Keep invasive species out of Idaho


Zebra mussels, an invasive species of fresh water mussels, on the propeller and shaft of a sailing yacht on Lake Erie. | Stock photo

This story is brought to you by Idaho Falls Power, a municipal electric utility serving the corporate city limits of Idaho Falls, Idaho.

Now that spring has sprung and our attention turns to fishing and water sports, we remind you to do your part to keep Idaho’s pristine waterways free of aquatic invasive species.

An invasive species is a tiny organism that takes over an ecosystem beyond its natural habitat. The aquatic variety spreads very quickly once introduced to a new area, modifying the habitat, leaving rivers unnavigable, damaging irrigation pipes, beaches and vegetation, and eventually clogging the intake of hydropower plants, diminishing their output and driving up the cost of electricity for utilities like Idaho Falls Power that rely on hydro.

Idaho is one of four states in the U.S. without evidence of aquatic invasive species such as the quagga and zebra mussel. Their larvae were discovered in Montana in November, however, and three boats infested with mussels have already been discovered this year at highway inspection stations in the state.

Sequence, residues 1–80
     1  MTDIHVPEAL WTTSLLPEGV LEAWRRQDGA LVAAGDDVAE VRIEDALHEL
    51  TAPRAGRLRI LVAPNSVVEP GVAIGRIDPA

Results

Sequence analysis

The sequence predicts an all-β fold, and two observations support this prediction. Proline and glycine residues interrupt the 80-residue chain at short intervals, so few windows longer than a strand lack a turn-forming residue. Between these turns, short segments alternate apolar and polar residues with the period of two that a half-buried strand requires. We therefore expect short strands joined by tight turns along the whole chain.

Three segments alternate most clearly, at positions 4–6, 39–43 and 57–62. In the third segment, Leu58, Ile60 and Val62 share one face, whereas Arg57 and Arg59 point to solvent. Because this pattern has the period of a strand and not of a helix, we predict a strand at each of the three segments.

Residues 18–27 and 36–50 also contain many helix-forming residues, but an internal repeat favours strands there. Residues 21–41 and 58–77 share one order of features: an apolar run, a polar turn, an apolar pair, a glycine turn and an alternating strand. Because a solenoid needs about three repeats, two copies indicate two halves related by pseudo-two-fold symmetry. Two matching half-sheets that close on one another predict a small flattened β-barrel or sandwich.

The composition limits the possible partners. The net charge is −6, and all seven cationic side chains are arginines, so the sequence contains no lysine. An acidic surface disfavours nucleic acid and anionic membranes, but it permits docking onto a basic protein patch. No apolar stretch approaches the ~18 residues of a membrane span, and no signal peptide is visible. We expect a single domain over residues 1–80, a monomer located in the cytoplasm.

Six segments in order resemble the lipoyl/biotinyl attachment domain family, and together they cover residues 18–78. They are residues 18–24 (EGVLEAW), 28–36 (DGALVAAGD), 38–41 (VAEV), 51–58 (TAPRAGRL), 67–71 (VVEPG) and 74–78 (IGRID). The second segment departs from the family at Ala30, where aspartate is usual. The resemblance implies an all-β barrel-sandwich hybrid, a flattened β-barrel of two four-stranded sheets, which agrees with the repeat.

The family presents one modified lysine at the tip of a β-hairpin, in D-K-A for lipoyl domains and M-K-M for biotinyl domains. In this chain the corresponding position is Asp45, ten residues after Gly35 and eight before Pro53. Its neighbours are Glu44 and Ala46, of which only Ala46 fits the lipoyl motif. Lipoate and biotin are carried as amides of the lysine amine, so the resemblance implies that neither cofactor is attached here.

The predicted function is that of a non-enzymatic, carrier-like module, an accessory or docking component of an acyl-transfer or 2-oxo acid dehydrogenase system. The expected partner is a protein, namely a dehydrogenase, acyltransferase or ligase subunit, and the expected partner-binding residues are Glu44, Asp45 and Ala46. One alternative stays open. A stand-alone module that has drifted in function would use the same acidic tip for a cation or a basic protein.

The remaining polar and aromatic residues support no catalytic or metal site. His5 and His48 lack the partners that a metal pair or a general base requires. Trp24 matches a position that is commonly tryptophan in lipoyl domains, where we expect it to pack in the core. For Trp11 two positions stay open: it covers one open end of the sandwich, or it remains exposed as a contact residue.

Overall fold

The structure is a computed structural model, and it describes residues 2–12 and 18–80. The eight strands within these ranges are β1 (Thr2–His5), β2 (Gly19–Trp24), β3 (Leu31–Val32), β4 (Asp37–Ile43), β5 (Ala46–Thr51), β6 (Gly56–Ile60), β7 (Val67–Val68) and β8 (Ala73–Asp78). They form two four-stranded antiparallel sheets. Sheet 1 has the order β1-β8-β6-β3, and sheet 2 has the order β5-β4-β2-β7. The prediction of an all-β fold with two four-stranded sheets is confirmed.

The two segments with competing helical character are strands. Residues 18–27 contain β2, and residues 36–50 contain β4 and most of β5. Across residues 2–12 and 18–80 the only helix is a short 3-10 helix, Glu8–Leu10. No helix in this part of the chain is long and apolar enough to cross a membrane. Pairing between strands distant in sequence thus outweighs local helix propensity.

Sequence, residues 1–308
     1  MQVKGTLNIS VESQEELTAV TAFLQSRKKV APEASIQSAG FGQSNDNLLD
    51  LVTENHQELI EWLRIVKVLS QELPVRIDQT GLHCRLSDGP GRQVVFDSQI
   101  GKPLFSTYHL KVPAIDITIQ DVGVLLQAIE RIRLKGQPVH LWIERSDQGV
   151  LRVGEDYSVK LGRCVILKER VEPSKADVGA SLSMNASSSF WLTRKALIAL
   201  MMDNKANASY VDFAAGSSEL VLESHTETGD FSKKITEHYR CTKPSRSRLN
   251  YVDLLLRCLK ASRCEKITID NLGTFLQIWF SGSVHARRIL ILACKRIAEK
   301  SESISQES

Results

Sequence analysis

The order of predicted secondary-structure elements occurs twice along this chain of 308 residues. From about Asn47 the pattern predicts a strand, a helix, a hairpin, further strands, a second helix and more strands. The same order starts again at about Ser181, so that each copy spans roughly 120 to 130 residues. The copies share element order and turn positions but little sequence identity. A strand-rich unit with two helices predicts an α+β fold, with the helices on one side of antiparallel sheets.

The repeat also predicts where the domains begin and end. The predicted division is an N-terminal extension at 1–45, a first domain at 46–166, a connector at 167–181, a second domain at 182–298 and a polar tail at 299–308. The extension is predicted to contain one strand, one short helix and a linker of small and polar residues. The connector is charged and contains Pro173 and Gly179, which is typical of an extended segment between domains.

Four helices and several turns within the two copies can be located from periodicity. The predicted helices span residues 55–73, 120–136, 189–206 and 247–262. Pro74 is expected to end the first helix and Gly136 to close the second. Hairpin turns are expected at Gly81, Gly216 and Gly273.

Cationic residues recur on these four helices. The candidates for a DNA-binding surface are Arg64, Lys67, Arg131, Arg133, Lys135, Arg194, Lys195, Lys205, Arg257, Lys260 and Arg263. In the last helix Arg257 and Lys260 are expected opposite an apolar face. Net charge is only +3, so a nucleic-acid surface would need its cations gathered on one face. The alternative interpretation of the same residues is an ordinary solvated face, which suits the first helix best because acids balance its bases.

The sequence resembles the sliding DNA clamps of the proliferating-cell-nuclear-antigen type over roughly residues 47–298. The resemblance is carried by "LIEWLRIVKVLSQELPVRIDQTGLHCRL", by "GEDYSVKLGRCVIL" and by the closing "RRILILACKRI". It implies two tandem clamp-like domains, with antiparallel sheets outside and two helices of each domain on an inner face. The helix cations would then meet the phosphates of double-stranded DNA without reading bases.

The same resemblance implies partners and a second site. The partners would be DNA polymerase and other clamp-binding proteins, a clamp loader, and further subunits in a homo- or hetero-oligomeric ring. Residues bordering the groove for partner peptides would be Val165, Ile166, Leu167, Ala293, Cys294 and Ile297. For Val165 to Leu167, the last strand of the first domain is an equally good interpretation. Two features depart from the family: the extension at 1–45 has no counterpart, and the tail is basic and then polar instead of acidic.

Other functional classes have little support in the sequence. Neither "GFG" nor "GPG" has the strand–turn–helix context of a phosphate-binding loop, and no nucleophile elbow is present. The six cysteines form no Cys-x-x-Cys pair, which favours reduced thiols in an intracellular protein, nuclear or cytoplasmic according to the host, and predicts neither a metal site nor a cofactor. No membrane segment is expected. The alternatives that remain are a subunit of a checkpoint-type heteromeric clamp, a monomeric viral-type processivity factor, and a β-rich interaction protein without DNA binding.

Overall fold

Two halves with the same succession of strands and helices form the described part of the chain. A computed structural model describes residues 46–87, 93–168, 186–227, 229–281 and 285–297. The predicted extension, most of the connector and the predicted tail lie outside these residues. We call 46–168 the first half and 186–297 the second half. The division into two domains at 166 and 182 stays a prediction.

Prevention is the key to protecting Idaho’s rivers and lakes.

In an effort to strengthen the fight to keep Idaho free of aquatic invasive species, the state recently increased the cost of the invasive species sticker fee for the boats of nonresidents.

That increase is set to take effect in 2018, and the revenue is intended to help staff boat-inspection stations and raise awareness of the pests and the damage they can inflict. To fund inspections this year, state lawmakers approved an emergency appropriation.

Anyone who works or plays around water – hunters, boaters, anglers, even dogs – can easily and unknowingly transport aquatic invasive species because of their ability to cling to hard surfaces, reproduce rapidly and live out of water for nearly a month.

There are a few simple steps you can take to keep them out of Idaho.

Stock photo


Before leaving any waterbody, always inspect equipment (boats, planes, trailers, decoy anchors, scuba gear and lures) for plants and animals.

Remove it on site and dispose of it in a trash receptacle or on high, dry ground where there is no danger of it washing into a waterbody.


Eliminate water from all equipment, including motors, live wells, wakeboard ballast tanks, boat hulls, scuba gear, bait buckets, waders, and boots.


Clean and dry anything that came in contact with water (boats, decoys, trailers, equipment, clothing, dogs, etc.).

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